We often complain that we live in a tough neighborhood, surrounded by a sea of hostile peoples that will never accept us no matter how hard we try. It’s ironic, then, that we’ve continued to snub one of our only potential friends in the region — the Maronite Christians. For the past 64 years, Israel has never missed an opportunity to do wrong by its own Maronite minority, who unlike most of the populations of the Levant, profess no pan-Arab sentiment or religious extremism, and despite our mistreatment of them, continue to be loyal citizens and supporters of the Hebrew state.
Two years before the birth of Israel, in 1946, the head of the Maronite Church, Patriarch Antoine Arrida, (who had helped German Jews escape during the Holocaust) wrote that he “expressly and fully recognizes the historical link uniting the Jewish people to Palestine, the Jewish people’s aspirations in Palestine, and the Jewish people’s right to free immigration and independence in Palestine.”
As early as 1937, the same Patriarch Arrida gave a now forgotten speech in a Beirut Synagogue in which he unequivocally stated that, “The Jews are not only our ancestors, but our brothers. Our origin is the same, our language is almost common, our father is their father. We are proud to belong to the same race.”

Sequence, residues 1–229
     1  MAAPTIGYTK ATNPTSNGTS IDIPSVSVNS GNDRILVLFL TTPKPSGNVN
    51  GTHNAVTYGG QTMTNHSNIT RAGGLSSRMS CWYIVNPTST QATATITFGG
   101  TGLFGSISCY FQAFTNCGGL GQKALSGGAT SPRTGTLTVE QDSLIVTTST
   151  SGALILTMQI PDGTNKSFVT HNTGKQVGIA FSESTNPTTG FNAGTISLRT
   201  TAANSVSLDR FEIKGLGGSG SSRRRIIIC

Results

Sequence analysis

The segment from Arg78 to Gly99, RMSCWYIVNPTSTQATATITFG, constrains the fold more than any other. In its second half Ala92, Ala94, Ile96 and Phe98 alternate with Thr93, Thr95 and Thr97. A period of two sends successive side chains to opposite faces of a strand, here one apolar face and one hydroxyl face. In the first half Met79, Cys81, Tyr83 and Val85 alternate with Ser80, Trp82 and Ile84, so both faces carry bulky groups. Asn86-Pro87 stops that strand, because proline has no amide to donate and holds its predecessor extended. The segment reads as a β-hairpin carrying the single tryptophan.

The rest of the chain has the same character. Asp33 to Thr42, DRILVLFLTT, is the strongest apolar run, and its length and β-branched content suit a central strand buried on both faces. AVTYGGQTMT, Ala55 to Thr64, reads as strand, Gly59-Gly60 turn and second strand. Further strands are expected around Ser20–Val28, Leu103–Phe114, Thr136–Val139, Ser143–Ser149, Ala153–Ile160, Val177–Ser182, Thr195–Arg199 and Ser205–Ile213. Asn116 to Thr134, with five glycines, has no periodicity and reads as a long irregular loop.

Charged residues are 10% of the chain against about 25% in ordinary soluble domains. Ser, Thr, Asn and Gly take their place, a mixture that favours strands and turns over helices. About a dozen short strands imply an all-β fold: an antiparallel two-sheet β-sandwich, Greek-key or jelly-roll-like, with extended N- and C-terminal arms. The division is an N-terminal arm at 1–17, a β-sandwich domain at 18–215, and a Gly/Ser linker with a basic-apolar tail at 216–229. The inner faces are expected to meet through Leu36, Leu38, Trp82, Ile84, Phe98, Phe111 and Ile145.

Indeed, the Maronites, who until the Lebanese Civil War made up the majority of the population of Lebanon, have always likened themselves more to the ancient Arameans and Phoenicians of the Fertile Crescent than they have to Arabs, whom they view as more recent arrivals from the Arabian Peninsula. Moreover, although the Maronites’ ancestral tongue of Aramaic ceased being used as a primary spoken language in the 17th century, it has been retained as the language of liturgy and prayer, and the Levantine Arabic dialect that the Maronites speak today is marked by significant Aramaic influence.
Recently however, inspired by Eliezer Ben Yehuda, the father of Modern Hebrew, and by Kfar Nisi, a Maronite Monk who launched Suryoyo Sat, the first Aramaic TV station, Shadi and Amir Khalloul, two brothers from Jish, the only Maronite majority village in Israel, have taken it upon themselves to revitalize their ancestral Aramaic into a modern, living language for everyday use by their people. With the approval of the Education Ministry, they’ve begun teaching the language at the village school, and have so far met with considerable success. And like Ben Yehuda’s son Ben-Zion, Shadi’s son Aram became the first native speaker of Aramaic among the Maronites in modern times.
It was through reading about Shadi and Amir that I first became interested in the Maronites. I presumed that such a unique ethnoreligious group might shed some light on the ancient genetic landscape of this region, and decided to write my thesis on the genetic ancestral origins of the Maronites.